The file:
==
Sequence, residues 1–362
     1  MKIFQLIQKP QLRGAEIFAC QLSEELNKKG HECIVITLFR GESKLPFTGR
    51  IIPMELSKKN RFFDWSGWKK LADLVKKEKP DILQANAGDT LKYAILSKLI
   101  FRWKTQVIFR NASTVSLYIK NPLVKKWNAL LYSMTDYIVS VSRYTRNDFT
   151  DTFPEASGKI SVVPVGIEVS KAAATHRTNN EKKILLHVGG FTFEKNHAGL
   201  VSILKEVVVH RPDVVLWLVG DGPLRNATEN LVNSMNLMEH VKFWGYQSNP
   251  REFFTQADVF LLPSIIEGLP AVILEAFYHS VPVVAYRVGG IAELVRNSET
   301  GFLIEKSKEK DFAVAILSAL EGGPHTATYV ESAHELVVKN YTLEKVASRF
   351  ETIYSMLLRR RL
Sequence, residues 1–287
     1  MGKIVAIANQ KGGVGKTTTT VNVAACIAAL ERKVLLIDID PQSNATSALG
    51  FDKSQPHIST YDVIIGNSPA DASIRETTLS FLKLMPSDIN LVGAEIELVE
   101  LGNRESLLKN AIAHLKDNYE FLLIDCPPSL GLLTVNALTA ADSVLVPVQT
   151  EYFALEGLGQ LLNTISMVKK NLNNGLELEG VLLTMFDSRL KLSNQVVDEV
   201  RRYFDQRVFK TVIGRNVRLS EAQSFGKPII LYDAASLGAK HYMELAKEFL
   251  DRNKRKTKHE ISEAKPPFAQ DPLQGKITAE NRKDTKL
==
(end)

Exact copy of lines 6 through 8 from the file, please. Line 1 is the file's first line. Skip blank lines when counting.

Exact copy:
   201  VSILKEVVVH RPDVVLWLVG DGPLRNATEN LVNSMNLMEH VKFWGYQSNP
   251  REFFTQADVF LLPSIIEGLP AVILEAFYHS VPVVAYRVGG IAELVRNSET
   301  GFLIEKSKEK DFAVAILSAL EGGPHTATYV ESAHELVVKN YTLEKVASRF